PortMiami rail upgrade now on track

The digging of the PortMiami tunnel has ended. The dredging of the port’s cargo harbor is about to begin. What’s still pending is the third leg of the port’s modernization program: a rail line so trains can transport cargo directly from the seaport to other major U.S. cities.

That should begin to change within the next 45 days, PortMiami Director Bill Johnson said this week. That’s the schedule for starting delayed construction on the unfinished upgrade of the track within the port. Cargo trains likely will begin rolling on the track by October.

The port track upgrade is part of a broader $46.9 million project to refurbish the Florida East Coast Railway track in Miami. The track from just outside the port to 72nd Street was recently upgraded, connecting it to the existing FECR track to Jacksonville and the Hialeah Railyard.

The project is a partnership involving the port, FECR, the state and the federal government. Railway officials expressed satisfaction about the announcement.

“The Florida East Coast Railway is pleased to be granted the authority to award a contract for the design and permitting for the on-port rail at PortMiami,” said Robert Ledoux, FECR senior vice president. FECR is providing its expertise in rail construction management for this important on-port rail project, he said. Johnson said the notice to proceed likely will go out to FECR in late July.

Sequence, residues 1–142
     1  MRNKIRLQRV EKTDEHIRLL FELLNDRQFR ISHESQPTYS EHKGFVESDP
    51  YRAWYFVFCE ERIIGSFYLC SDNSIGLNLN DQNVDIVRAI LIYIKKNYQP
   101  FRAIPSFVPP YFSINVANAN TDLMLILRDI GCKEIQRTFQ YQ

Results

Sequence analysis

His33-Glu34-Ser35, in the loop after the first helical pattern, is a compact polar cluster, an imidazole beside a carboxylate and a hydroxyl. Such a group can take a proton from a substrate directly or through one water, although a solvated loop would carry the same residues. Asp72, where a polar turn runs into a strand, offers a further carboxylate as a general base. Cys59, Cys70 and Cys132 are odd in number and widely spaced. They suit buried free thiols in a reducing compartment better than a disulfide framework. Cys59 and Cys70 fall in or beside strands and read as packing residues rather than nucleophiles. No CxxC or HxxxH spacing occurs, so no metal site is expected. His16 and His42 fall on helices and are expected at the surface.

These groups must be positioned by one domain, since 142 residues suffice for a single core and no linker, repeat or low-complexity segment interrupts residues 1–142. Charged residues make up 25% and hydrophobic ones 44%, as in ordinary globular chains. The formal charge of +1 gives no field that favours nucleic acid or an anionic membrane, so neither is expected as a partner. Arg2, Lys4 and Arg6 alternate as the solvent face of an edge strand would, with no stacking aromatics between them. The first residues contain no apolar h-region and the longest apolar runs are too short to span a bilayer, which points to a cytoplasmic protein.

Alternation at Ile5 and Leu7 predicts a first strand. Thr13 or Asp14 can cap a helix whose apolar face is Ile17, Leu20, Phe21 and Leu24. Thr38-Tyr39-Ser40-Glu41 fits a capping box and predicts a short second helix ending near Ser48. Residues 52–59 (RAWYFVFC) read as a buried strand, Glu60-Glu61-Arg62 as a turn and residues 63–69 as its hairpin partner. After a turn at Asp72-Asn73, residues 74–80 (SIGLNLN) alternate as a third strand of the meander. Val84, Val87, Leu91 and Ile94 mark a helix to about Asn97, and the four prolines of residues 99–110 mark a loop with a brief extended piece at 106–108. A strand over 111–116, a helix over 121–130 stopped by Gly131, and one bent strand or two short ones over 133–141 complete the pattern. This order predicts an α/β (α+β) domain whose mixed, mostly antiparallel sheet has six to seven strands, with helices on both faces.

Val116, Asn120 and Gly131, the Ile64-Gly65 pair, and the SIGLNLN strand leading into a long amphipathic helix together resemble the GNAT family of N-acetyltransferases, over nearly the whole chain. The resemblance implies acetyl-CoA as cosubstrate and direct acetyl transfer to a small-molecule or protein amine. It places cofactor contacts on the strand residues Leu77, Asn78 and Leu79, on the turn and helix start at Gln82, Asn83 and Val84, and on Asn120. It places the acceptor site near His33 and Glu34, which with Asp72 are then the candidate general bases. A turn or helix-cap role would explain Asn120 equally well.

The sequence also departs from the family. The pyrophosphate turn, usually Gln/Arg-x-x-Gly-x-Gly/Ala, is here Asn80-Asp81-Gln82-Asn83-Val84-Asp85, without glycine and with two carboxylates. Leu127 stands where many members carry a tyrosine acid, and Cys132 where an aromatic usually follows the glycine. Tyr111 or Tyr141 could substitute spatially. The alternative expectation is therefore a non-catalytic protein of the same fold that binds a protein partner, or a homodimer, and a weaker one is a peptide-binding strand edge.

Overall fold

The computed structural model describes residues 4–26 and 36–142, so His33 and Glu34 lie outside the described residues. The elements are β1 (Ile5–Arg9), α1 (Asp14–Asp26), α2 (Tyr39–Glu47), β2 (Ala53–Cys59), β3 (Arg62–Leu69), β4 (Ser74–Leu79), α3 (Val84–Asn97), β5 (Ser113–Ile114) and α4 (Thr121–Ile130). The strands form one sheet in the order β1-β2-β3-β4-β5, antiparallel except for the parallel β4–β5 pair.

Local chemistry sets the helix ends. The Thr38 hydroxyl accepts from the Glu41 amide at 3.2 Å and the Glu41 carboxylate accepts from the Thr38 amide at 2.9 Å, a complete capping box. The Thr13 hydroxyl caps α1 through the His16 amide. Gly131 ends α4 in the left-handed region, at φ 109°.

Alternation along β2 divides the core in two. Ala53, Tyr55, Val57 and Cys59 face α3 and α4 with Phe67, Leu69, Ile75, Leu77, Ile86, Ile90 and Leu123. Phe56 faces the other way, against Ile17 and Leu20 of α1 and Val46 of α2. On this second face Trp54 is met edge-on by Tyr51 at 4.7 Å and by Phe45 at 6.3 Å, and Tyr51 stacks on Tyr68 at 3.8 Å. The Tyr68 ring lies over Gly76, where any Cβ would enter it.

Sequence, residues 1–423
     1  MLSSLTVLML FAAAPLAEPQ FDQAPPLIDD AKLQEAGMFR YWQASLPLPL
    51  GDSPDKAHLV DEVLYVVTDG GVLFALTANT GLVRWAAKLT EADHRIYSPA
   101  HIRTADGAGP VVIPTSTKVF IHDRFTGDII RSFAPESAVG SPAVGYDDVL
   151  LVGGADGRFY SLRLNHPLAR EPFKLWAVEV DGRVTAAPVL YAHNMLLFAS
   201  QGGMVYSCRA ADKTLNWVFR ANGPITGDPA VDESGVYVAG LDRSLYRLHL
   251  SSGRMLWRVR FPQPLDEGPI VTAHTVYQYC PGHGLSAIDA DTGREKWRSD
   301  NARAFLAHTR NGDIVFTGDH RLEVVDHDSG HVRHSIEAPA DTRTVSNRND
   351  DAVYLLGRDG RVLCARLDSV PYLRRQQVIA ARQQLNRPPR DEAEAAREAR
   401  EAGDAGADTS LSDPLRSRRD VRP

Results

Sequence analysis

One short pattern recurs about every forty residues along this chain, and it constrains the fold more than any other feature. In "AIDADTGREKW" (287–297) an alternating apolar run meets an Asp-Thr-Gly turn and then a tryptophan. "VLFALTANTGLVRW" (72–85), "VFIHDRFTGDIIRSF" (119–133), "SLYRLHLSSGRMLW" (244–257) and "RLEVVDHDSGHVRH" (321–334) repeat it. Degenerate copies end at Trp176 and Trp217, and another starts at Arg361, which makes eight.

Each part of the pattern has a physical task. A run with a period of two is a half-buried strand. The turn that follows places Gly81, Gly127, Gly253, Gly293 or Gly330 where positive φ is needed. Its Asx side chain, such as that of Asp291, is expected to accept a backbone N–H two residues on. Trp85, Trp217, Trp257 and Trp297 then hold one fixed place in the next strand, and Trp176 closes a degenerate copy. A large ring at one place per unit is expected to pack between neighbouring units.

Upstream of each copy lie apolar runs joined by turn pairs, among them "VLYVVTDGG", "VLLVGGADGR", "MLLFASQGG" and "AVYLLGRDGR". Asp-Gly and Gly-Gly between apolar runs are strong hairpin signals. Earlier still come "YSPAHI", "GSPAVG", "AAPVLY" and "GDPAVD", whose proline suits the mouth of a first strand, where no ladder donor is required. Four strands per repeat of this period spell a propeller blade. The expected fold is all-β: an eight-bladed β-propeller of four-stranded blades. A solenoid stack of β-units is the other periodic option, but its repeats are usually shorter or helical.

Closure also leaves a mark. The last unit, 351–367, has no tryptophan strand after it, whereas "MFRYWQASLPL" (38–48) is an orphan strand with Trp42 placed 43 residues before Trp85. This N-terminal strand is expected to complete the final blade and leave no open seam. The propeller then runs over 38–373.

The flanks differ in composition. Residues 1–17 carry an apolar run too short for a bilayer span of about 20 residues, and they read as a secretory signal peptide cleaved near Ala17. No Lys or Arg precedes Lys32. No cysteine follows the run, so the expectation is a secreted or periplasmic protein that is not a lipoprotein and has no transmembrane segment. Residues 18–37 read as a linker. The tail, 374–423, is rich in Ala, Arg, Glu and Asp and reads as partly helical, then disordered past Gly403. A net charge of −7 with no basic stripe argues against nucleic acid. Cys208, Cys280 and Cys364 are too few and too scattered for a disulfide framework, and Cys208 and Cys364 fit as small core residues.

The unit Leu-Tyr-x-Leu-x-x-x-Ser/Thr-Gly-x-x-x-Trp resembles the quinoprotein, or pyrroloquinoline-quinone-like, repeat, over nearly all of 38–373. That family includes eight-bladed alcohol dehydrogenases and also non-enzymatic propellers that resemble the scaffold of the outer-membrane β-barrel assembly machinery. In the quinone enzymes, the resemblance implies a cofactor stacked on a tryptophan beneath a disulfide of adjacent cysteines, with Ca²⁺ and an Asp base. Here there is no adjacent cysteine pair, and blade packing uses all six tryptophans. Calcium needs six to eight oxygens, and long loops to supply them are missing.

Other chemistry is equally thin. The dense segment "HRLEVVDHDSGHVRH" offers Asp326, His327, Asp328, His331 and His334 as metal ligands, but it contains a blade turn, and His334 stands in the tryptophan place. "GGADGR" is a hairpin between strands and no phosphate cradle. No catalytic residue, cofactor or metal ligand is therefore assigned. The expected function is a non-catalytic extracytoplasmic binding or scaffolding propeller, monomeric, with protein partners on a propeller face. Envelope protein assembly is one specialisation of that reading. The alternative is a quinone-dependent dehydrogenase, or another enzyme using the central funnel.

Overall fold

The upgrade should have been finished months ago, but the project was delayed because of logistics related to tunnel excavation and shipping companies that were occupying the area where the track is to be rebuilt, Johnson said..

Modernization is aimed at making PortMiami the first port of call on the U.S. East Coast when giant freighters start using the Panama Canal once widening of the facility is completed in 2015.

Cargo trains are a key component of the port’s strategy because they will provide a direct link between the container ships that dock at the cargo harbor and cities to the north. The track runs north to Jacksonville, a major cargo distribution center that links up with rail lines serving Georgia, North Carolina, Illinois and Texas.

Dredging will deepen the cargo harbor to accommodate the larger container ships that will cross the canal once it’s widened.

The tunnel provides a direct link from the port to area expressways for cargo trucks, which currently have to meander through downtown streets to enter and exit the seaport.

Johnson said the contract for the upgrade was signed May 16 and construction is expected to start in 45 days, with completion by September.

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